- Any "vendor" or "supplier" would need to offer a tool which used this API to both write data to and retrieve it from the hosted service. This would open the market up to a range of providers - in the knowledge that the stored data would be accessible
Such an approach would see the "traditional" providers of learning tools (including those
10 9 companies on the Becta Learning Platform Services Framework) offer ePortfolio tools and allow any open-source tool which could interface with the open API to be used on an equal basis. Such an approach fosters innovation, creative approaches to learning and would be a healthy, strong, competitive environment which would exist in significant contrast to the MIS market described above. As everything was immediately transferable - since a portfolio could be accessed and modified using any of the tools - and it might be the case that a whole host of best-of-breed tools are used by an individual user or institution, if each of the tools offered something unique and innovative. The role of Becta (or a similar organisation overseeing the storage) would be to ensure it was resilient and maintain the API.
This last element - agreeing what the API does or how it works - looks like another opportunity for the HTML "standards" wars of the late 1990s, when Netscape and Microsoft decided that "innovation" meant "a standard of ours not supported by anyone else". Well, with a little thinking and the carrot of "the funding goes to where the standards are" this could potentially be dealt with. Becta's Learning Platform Services Framework was supposed to have interoperability - the principle that meant that (in theory) an institution could switch providers almost seamlessly, or that a learner could move between institutions who were using different Learning Platforms and retain control and access to their data. It's an open secret that none of the providers was able to offer that true interoperability - see the case of StudyWiz's demise for more discussion on that - however having to fully meet a common API could ensure that interoperability was at the heart of such a project.Truly portable portfolios for truly lifelong learning would be no mean achievement - but what would it require from both Becta, the Open Source sector and suppliers of proprietary software? A first start would be a commitment to open, competitve innovation with an acknowledgement that if the playing field were truly open, then only the most useful and valuable would survive. Could the proprietary and Open Source sectors stand up to that sort of test?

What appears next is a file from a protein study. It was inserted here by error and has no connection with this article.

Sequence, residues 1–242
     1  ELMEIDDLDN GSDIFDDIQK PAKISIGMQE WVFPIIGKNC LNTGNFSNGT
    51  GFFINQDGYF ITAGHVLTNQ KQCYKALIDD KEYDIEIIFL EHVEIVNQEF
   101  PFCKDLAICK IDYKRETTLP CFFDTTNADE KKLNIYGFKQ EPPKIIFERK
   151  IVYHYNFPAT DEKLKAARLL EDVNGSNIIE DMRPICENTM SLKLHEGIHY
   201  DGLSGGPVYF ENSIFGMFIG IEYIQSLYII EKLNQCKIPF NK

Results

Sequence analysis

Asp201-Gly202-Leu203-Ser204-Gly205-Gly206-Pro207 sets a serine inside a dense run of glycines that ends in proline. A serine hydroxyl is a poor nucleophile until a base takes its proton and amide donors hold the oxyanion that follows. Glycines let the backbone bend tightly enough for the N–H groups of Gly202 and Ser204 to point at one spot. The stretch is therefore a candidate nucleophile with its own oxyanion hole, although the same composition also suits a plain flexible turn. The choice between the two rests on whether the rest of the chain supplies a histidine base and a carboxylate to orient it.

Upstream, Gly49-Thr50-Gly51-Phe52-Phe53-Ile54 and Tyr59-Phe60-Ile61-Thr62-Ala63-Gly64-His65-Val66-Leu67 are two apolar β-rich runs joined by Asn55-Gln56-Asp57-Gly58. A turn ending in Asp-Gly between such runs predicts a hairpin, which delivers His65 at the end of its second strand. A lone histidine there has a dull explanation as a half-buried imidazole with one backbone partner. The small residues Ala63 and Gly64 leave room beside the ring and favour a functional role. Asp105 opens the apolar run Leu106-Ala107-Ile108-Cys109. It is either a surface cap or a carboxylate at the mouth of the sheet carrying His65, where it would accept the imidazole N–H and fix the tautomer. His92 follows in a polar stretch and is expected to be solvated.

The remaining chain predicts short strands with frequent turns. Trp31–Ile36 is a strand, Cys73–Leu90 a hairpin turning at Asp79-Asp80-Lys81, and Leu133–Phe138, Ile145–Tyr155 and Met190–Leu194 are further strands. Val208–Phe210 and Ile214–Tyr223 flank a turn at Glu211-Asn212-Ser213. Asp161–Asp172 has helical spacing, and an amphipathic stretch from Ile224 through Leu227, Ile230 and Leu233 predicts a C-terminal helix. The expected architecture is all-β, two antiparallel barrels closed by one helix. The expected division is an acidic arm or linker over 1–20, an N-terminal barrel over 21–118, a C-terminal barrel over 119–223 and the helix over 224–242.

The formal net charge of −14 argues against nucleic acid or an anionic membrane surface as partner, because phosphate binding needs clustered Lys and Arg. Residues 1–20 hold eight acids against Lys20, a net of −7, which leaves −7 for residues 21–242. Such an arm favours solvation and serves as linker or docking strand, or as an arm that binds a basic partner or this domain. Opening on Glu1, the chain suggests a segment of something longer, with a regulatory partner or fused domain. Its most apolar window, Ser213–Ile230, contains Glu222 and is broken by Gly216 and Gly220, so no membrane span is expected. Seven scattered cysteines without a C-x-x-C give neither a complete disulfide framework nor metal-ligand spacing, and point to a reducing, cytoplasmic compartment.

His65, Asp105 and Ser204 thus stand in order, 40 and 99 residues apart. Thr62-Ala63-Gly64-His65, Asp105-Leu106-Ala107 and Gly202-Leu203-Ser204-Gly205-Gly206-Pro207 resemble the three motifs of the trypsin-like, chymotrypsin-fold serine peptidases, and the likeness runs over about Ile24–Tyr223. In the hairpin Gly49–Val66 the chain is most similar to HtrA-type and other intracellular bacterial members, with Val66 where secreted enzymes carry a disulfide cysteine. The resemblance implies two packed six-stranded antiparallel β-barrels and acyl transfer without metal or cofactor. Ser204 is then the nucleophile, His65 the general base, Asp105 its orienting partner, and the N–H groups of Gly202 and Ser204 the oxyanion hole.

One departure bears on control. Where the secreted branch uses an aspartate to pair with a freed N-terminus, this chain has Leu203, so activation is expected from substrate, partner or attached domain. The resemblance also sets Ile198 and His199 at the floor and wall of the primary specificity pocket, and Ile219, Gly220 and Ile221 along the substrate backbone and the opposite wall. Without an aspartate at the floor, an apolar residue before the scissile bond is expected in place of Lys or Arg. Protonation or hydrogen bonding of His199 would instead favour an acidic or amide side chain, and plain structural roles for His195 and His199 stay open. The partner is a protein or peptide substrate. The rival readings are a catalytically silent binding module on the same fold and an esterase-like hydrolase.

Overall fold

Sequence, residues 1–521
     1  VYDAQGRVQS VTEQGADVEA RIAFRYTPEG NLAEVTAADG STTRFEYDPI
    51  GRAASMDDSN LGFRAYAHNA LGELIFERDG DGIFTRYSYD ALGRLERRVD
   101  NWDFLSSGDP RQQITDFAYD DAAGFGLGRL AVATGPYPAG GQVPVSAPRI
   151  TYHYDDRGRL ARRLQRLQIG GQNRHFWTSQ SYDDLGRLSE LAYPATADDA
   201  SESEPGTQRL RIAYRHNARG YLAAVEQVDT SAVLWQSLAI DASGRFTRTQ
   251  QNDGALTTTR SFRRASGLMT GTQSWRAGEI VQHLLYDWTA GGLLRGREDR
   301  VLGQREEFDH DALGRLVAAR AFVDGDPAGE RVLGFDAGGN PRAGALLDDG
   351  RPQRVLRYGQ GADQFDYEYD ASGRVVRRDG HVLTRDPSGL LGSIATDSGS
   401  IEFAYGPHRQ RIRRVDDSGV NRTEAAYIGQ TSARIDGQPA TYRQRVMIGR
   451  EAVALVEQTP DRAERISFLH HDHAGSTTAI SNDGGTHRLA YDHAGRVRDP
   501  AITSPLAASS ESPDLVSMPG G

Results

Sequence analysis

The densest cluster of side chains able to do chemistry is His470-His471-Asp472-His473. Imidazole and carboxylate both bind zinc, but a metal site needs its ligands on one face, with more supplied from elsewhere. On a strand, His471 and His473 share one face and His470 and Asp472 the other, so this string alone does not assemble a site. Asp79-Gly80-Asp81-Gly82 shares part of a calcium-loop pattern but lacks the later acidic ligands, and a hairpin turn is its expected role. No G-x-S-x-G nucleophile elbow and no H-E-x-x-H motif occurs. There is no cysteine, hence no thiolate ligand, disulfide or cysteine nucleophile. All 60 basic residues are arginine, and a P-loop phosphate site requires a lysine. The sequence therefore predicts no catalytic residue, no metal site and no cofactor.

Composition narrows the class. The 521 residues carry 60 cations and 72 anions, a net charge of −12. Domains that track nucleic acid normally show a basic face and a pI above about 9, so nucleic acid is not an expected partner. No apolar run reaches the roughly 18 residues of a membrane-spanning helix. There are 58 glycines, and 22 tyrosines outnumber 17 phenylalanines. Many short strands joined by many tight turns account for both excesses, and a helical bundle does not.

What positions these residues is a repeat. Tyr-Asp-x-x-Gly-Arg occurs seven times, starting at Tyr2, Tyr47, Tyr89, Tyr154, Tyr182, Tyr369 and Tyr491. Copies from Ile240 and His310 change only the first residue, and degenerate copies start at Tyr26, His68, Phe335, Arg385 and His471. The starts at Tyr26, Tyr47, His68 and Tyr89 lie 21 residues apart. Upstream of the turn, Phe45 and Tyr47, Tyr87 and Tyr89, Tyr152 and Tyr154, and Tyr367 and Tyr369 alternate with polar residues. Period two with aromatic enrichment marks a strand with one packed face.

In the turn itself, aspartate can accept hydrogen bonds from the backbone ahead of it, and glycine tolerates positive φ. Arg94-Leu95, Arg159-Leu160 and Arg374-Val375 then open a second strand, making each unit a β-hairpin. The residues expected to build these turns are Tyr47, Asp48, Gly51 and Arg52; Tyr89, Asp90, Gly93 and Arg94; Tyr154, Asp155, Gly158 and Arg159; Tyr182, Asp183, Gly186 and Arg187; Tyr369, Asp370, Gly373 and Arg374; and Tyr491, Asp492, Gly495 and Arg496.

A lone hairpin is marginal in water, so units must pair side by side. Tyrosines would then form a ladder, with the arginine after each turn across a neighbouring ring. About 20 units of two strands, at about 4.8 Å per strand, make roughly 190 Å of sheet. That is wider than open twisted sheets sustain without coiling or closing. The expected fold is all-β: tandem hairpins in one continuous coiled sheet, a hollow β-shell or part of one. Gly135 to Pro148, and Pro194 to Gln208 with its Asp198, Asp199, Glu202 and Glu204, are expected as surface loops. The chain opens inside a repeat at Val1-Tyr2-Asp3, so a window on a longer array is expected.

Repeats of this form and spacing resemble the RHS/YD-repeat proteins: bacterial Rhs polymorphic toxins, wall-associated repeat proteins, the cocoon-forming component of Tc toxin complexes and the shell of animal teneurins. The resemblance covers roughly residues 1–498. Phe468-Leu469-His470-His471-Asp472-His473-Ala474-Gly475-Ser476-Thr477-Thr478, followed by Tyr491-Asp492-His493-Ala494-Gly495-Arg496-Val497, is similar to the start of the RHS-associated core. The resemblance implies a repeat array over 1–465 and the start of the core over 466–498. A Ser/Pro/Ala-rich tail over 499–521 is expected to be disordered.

I'd appreciate comments on this, but particularly on the second issue - as I'm aware that this post could be link bait for those who want to post re: SALTIS/SIF/SIFA - so if you have a post on that subject, please ensure that it's original thinking rather than just a re-statement of arguments which have been or are already being thrashed out elsewhere. Many thanks in advance for your understanding!